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Dr JoAnn Elisabeth Manson comments on recent headlines claiming chocolate may prevent dementia

Tuesday 28 March 2017

There have been a number of recent media headlines, about chocolate pills and other forms of chocolate being able to prevent dementia. We asked Dr JoAnn Elisabeth Manson, Professor of Medicine at Harvard, to provide her comments.

Dr JoAnn Elisabeth Manson is Professor of Medicine, Harvard Medical School and Chief, Division of Preventive Medicine, Department of Medicine, Brigham and Women’s Hospital.

The focus of Dr Manson’s research has been women's health, randomised clinical trials in cardiovascular disease prevention, and population health/translational research.

Find out more about Dr Mason here:

Were the headlines right or were they misleading in some way?

The headlines suggest that chocolate has the ability to prevent Alzheimer’s. Like many other news headlines these days, the “headline” allegation is not directly linked to the findings of the study. The results of the investigation published in the journal Neurology, did not assess the effect of the consumption of hot chocolate on the conversion rate to Alzheimer’s, which would be needed in order to be able to make statements about “prevention”.

More specifically the scientists examined the participants’ performance in cognitive tasks and evaluated the relationship between local neural activity and subsequent changes in cerebral blood flow before and after the consumption of cocoa for 30 days and compared the results between participants that had consumed flavanol-rich cocoa (609 mg), and flavanol-poor cocoa (13 mg flavanols). Blood flow and blood pressure changes were not significantly different between the two cocoa groups. Therefore, the researchers evaluated whether or not the response to cocoa (without taking the amount of cocoa flavanols into account) differed depending on neurovascular coupling (NVC) status, indicating that there was a significant improvement for 17 people with a poor NVC status at baseline. Considering the small sample seize, the findings should be regarded as indicative rather than definitive.

This is another small study that suggests that the naturally occurring flavanols in cocoa beans may improve blood flow. But the first large long-term study to assess whether cocoa flavanols can lower the risk of heart attacks, strokes, memory loss, and other illnesses is on its way.

How important is this story/study for furthering dementia research? Should we be excited?

“Cocoa flavanols look promising,” said Dr Manson. “The next logical step is to move from the small randomised trials looking at mechanisms like changes in blood flow and blood pressure to testing whether cocoa flavanols can reduce the risk of clinical events—heart attacks, strokes, cardiovascular deaths.”

“People have had so many misconceptions about the study,” says Manson. “They think we’re testing chocolate or that the trial is a signal that they should eat more chocolate. It isn’t. “People can still eat chocolate for their enjoyment, but we don’t recommend that they eat more of it to get more flavanols.”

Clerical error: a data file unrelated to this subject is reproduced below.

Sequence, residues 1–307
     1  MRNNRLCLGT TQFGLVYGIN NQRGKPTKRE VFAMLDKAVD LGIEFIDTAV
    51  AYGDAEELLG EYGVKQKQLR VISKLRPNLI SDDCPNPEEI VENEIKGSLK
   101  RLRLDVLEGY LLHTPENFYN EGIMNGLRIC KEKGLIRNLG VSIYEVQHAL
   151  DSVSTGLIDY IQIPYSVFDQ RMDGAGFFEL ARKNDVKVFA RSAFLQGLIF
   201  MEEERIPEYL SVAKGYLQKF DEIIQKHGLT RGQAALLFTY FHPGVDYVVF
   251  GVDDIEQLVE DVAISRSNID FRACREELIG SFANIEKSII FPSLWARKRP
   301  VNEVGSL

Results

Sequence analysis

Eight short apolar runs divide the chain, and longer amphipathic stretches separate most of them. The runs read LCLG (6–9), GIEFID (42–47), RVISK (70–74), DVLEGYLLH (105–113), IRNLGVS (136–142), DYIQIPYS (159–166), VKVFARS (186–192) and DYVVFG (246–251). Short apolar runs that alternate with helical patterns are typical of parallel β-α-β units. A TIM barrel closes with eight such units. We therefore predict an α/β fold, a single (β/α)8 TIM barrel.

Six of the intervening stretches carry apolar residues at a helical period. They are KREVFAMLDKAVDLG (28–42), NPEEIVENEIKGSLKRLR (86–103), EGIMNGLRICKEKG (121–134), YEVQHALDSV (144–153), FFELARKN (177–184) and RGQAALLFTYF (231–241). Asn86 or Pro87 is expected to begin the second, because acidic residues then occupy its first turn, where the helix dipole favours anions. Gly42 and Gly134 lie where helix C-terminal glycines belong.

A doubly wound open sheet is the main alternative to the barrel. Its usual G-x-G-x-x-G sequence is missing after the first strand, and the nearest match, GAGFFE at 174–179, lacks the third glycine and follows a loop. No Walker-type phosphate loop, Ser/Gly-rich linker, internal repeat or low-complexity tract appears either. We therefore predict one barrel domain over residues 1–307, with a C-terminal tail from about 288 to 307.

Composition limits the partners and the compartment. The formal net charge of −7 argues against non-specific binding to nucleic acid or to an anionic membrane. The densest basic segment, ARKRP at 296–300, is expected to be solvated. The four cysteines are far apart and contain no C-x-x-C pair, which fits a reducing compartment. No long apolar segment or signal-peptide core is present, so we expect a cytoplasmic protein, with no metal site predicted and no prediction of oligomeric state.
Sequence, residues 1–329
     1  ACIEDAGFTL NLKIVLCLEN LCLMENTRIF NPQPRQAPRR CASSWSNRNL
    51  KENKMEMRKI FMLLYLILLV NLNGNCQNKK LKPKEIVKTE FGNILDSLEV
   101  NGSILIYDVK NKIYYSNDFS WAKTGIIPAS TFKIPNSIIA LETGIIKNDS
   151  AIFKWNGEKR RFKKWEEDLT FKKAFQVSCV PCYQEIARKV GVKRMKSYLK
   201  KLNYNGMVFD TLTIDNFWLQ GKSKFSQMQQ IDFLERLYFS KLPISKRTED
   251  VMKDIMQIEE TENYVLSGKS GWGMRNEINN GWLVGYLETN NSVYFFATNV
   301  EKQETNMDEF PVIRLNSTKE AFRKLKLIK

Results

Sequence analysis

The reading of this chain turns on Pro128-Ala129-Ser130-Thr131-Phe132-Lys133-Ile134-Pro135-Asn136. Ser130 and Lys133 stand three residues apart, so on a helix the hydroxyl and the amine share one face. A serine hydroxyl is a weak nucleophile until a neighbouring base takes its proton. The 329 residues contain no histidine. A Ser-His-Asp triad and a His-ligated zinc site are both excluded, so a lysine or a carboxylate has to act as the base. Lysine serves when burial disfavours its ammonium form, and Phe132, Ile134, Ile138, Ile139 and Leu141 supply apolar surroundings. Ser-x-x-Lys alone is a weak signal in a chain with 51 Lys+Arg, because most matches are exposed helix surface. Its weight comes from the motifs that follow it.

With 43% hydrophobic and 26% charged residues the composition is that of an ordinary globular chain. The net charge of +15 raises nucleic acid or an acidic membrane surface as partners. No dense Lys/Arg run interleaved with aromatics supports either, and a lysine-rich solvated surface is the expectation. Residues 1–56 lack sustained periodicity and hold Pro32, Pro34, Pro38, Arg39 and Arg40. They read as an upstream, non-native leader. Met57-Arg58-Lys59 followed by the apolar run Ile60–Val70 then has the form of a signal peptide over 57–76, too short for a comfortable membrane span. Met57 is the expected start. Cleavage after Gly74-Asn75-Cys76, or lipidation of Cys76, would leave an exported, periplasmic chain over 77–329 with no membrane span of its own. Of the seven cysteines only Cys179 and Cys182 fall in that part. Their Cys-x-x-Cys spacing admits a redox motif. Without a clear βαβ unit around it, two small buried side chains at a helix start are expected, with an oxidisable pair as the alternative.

To get 750 mg of flavanols a day, you’d have to eat nearly 1,000 calories’ worth of dark chocolate or thousands of calories of milk chocolate every day. A more reasonable source: an unsweetened cocoa powder you can mix into your coffee, milk, yogurt, hot cereal, or other food - that is, if the cocoa hasn’t been processed in a way that destroys flavanols.

What are the next steps?

Dr Manson is co-directing the new trial - the COcoa Supplement and Multivitamins Outcomes Study (COSMOS) - which will give cocoa flavanols (750 mg a day) or a placebo to 18,000 women (aged 65 or older) and men (aged 60 or older) for four years. The trial is co-led by Howard Sesso, Associate Professor of Medicine at Harvard Medical School. “We’ll also look at cognitive function, diabetes, physical performance, and other outcomes,” explained Dr Manson.

But it’s not worth signing up so you can eat chocolate in the name of science. “It’s not a randomised trial of chocolate or even dark chocolate,” noted Dr Manson. “It’s a randomised trial of cocoa flavanols—bioactive plant-based nutrients with virtually no calories, sugar, or fat.” Why can’t you get the same 750 mg of flavanols from chocolate? “It would require an enormous amount,” she said. “And for many forms of chocolate, it would be virtually impossible because the cocoa flavanols are destroyed in processing.”

“In COSMOS, we’ll be giving people cocoa flavanols that were protected from the time that they were harvested from cocoa beans,” says Manson. “They come in a capsule, which makes it possible to do a long-term placebo-controlled trial and not add a load of sugar, saturated fat, and calories to the diet.”

(The study is funded by Mars Symbioscience, a division of Mars, Inc., with partial support from the National Institutes of Health.)

What might be the impact of this story/study in the scientific community?

The study will lead to a better understanding of the potential effects but also limits of cocoa consumption and add new knowledge to the scientific evidence that is gathered in the combat of diseases.